• Helen says:

    Thanks Kayla and welcome!
    From your blog it appears you have to grapple with the US health system. (See previous post). I don’t know how you mothers in the US do it. I take off my hat to you.

  • and there’s a special cemetery in Alabama for Coon Dogs.

    re Kayla above – I went to her blog about her loved and wanted baby, and wondered where those Right To Lifers are when their constructive help is actually needed.
    and don’t get me started on Baby P and bloody Haringay council in London.

    peace and love, it’s so hard to be anodyne

  • Fine says:

    But Coon is a genuine last name. It’s not an objectionable nickname like ‘Nigger’. I checked because it got me thinking – there’s 18 Coons in the Melbourne White Pages. What do they do? Change their names? Feel ashamed because of one meaning of he word? Not start up a business using their name? Objecting to Coon as a brandname is ignoring meaning and context. It damages language. And Stephen Hagan is really silly if he’s going after this change.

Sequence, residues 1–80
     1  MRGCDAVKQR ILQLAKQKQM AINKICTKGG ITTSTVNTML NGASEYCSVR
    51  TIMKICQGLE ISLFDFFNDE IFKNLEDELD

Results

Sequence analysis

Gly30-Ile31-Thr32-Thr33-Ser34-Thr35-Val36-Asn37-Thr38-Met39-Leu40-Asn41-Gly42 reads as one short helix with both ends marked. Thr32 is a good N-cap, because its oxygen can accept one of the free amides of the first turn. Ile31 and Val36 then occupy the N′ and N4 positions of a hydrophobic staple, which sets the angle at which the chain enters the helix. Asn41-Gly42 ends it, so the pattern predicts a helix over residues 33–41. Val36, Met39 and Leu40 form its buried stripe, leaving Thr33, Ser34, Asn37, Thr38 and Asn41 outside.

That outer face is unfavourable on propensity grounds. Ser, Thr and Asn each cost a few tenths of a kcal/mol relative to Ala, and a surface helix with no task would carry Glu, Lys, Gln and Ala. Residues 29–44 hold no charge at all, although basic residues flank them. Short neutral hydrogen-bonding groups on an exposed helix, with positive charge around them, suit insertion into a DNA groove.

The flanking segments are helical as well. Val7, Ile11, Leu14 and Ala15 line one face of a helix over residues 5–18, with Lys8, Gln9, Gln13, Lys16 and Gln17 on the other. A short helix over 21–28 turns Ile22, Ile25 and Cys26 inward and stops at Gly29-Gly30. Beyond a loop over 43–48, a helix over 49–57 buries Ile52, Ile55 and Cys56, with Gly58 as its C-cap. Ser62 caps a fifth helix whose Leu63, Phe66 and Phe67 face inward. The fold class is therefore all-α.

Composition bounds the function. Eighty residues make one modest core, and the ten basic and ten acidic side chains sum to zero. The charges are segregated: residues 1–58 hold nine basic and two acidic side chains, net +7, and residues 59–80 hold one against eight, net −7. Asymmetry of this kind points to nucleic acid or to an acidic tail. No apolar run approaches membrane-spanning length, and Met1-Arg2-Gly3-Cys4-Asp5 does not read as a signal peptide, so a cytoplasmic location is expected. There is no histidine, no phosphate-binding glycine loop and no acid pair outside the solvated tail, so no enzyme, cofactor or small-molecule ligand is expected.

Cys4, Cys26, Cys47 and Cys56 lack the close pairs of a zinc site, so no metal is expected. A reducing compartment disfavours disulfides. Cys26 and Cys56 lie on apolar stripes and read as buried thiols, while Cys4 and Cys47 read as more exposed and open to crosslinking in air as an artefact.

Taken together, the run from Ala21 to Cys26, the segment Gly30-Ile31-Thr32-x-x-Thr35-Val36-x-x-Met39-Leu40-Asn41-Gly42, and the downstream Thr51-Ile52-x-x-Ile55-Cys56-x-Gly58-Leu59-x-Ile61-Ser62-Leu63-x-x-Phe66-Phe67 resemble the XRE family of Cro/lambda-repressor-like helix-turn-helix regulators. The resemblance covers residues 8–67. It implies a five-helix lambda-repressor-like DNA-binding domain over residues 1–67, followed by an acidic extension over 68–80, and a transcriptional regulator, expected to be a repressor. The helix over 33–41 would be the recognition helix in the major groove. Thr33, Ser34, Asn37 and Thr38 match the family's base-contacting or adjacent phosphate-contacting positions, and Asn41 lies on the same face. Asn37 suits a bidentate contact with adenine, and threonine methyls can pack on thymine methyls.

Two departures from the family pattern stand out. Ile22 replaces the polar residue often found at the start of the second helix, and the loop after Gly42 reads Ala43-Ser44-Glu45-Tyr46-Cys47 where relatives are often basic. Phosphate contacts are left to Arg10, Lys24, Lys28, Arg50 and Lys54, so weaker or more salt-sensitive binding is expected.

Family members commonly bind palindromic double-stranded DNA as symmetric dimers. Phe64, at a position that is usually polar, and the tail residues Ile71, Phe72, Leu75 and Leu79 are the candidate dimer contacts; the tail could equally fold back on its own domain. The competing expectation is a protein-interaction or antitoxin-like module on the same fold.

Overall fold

Blue tick coon hounds were named that because they were raccooon hunters. Again, an innocuous name.

  • blue milk says:

    Blurk – how sad that it took until 2008 to do this.

    I am surprised about Coon, I wondered about their name but was sure it must be a coincidence. Now I’m suspicious enough to stop buying it.

  • Helen says:

    Fine, have you read this post at Hoyden? There is a benign explanation for this “Christmas decoration”. It wasn’t meant to be offensive either. It’s just that the producers of it failed to make the imaginative leap from the way the cross looked to the “burning crosses” of Missisippi and Alabama.